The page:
Readers, please enjoy this guest blog post by Ellen Evert Hopman, author of Priestess of the Forest, The Druid Isle, and the forthcoming Priestess of the Fire Temple.
As a Celtic Reconstructionist Druid I am always interested in the practices of the ancient Celts. I read about them, write about them and then put them into practice, as best I can. It’s my own small effort to keep the traditions alive and to pass them along for future generations.
The Festival of Imbolc is the next great Fire Festival in the cycle of the Celtic year. It is essentially a milk festival in honor of the lactation of the ewes who under natural conditions don’t give milk until just before they give birth. It is generally celebrated around February 1, but I have discovered that here in New England the sheep lactate about February 15.
For the ancient Celts Imbolc, or Oimelc, was a time to celebrate. They did not have supermarkets to go to for milk and there were months when no milk was available. The re-appearance of milk was a cause for rejoicing and to celebrate with a milk feast.
Imbolc was a festival of girls, something our culture has completely forgotten. The girls of the village would make a “Bride doll” out of straw, symbolizing the Goddess Brighid (Irish) or Bride (Scottish), out of the last sheaf of the previous year’s grain harvest, which they would carry from house to house. In this way they brought the blessings of Bride and of the fertility of the last year’s harvest, to every home. The girls collected cakes, bread, and butter as they went.
When they were done they would put the doll into a bed of rushes by a hearth. A stick of birch called a “slachdan” was placed in the bride doll’s hands. Brighid or Bride was the summer face of the Winter Hag or Cailleach, She who controls the weather. The wand symbolized her magical ability to influence storms and climate.
The girls would dance and sing until dawn and in the morning the ashes of the hearth were examined to see if Bride had left her footprint. If no foot print was found, an offering had to be made at a place where three streams met, for luck.
The men folk celebrated by preparing for the first plowing; the plow and other agricultural tools were blessed with a sprinkling of whisky and fields were “sained,” or purified, by carrying a lit torch around the boundaries.
Weather omens were taken; good weather at Imbolc meant winter would continue, but if a snake or hedgehog was seen to emerge from its hole that meant that winter was on the wane (this is the origin of Groundhog Day). Rain at Imbolc meant a good summer growing season was ahead.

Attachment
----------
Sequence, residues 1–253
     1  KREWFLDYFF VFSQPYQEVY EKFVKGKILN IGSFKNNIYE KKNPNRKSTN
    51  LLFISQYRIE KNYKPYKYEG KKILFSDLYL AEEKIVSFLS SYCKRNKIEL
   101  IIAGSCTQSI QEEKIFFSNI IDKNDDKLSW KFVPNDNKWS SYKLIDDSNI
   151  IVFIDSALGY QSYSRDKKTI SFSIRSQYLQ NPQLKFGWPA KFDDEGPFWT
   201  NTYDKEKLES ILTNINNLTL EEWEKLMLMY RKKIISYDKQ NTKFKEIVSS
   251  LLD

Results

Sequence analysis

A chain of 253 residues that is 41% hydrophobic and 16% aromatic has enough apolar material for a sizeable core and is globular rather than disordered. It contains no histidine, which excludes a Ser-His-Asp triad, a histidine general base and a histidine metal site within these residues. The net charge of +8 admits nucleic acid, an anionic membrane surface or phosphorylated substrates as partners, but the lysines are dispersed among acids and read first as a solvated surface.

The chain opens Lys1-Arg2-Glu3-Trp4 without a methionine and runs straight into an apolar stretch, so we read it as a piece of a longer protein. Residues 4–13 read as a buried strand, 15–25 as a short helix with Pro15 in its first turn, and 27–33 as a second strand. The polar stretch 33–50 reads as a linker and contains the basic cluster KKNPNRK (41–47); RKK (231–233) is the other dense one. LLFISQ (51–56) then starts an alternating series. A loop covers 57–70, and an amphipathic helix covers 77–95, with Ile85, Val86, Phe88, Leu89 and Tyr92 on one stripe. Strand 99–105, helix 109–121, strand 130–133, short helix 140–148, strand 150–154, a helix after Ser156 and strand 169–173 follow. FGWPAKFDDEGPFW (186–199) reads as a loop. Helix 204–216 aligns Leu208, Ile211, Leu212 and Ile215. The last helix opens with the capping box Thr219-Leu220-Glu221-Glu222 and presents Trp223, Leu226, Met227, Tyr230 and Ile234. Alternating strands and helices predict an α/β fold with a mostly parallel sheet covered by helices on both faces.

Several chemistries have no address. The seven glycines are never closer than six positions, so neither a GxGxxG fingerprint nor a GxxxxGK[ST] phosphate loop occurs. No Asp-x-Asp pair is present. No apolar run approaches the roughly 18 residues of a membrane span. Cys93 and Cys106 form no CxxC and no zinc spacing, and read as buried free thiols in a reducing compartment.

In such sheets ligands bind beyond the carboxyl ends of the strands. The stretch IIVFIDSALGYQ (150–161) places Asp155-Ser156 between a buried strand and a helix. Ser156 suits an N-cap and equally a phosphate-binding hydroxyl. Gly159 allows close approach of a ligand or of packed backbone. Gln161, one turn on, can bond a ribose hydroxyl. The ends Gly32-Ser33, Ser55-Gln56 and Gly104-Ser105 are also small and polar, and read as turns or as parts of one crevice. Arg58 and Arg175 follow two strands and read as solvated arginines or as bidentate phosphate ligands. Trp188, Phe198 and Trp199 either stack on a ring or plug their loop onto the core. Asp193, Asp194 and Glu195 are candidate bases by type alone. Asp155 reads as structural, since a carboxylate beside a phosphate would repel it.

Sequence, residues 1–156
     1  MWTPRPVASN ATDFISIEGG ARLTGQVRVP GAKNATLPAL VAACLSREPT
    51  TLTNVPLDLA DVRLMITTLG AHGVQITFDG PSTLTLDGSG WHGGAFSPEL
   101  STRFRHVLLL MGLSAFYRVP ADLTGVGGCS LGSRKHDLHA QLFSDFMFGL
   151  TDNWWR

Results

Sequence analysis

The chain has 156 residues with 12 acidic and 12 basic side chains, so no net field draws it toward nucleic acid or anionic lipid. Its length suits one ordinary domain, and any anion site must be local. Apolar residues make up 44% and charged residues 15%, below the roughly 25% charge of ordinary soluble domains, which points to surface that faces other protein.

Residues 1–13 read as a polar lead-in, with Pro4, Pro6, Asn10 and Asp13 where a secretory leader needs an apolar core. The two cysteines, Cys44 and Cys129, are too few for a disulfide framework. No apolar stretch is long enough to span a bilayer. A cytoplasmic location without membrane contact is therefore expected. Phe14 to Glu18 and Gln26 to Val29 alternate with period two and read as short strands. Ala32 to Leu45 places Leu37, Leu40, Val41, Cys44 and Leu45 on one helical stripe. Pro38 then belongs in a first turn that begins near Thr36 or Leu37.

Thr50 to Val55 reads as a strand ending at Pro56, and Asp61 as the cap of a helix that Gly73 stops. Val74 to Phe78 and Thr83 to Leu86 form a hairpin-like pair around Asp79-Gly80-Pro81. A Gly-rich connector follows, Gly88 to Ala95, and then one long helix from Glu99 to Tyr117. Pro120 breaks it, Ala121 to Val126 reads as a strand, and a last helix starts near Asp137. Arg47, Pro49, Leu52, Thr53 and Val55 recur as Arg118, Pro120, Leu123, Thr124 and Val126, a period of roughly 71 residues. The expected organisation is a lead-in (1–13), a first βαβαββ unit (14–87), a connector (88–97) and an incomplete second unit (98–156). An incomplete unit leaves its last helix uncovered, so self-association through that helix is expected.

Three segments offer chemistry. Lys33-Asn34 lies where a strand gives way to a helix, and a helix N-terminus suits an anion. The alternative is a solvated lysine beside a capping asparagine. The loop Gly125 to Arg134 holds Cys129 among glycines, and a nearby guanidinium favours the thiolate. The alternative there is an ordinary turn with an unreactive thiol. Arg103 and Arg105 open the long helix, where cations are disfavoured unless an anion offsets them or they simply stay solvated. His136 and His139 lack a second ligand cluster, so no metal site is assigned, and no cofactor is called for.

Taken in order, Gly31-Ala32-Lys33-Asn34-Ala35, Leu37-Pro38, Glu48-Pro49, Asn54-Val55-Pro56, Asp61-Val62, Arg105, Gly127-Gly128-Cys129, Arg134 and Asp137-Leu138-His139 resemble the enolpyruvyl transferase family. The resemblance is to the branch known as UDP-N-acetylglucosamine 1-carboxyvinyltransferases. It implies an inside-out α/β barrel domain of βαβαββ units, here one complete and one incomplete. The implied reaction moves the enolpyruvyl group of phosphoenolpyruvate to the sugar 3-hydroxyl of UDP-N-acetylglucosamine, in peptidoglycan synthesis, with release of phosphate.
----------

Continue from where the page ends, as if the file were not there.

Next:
Special crosses were woven out of reeds on Imbolc Eve. These crosses were equal armed (not the Latin cross with the longer base) and symbolized the sun. They were sacred to the Goddess Brighid, a Fire Goddess. Once finished, the crosses were hung in house and barn. In the Highlands these crosses were also made before weddings and placed under the mattress to ensure fertility.
A “Bride’s Girdle” was made of straw rope, nine feet long. The rope was tied at the ends to make a circle through which each family member would step (women sometimes pulled it over their head). Three solar crosses were tied to the rope.
A Brat Bhríde or Brighid’s mantle was placed outside on the eve of Imbolc, to receive the Goddess’s blessings. The cloak would be placed over sick people or animals throughout the year. A bit of butter and an oat cake or a sheaf of grain were left on the doorstep to feed Brighid’s donkey as she passed by.
The Monday after the festival offerings were left for the Fairies, because by tradition they move house on the first Monday after every Fire Festival and are in need of refreshment. Appropriate offerings included mashed potatoes with butter, oatmeal with butter or cream, bread and honey, and possibly a wee dram of whiskey or milk with whiskey added.
You can learn more about this festival and all the Fire Festivals through my books: Priestess of the Forest: A Druid Journey, The Druid Isle, and Priestess of the Fire Temple: A Druid’s Tale. These are a trilogy of novels that incorporate traditional Celtic beliefs and practices.